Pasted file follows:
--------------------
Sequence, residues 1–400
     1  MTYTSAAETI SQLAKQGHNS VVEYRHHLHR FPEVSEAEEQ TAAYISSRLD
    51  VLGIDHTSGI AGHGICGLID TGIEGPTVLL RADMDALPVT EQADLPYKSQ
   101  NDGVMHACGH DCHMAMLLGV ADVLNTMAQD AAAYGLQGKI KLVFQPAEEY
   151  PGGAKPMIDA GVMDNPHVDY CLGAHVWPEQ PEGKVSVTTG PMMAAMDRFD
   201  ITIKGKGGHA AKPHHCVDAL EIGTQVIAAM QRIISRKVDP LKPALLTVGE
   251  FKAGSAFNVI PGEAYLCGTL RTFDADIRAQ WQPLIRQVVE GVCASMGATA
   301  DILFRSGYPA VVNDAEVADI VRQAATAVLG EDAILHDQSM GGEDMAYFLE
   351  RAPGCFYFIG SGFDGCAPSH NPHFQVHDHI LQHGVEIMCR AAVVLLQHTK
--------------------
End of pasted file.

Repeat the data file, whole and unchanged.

Sequence, residues 1–400
     1  MTYTSAAETI SQLAKQGHNS VVEYRHHLHR FPEVSEAEEQ TAAYISSRLD
    51  VLGIDHTSGI AGHGICGLID TGIEGPTVLL RADMDALPVT EQADLPYKSQ
   101  NDGVMHACGH DCHMAMLLGV ADVLNTMAQD AAAYGLQGKI KLVFQPAEEY
   151  PGGAKPMIDA GVMDNPHVDY CLGAHVWPEQ PEGKVSVTTG PMMAAMDRFD
   201  ITIKGKGGHA AKPHHCVDAL EIGTQVIAAM QRIISRKVDP LKPALLTVGE
   251  FKAGSAFNVI PGEAYLCGTL RTFDADIRAQ WQPLIRQVVE GVCASMGATA
   301  DILFRSGYPA VVNDAEVADI VRQAATAVLG EDAILHDQSM GGEDMAYFLE
   351  RAPGCFYFIG SGFDGCAPSH NPHFQVHDHI LQHGVEIMCR AAVVLLQHTK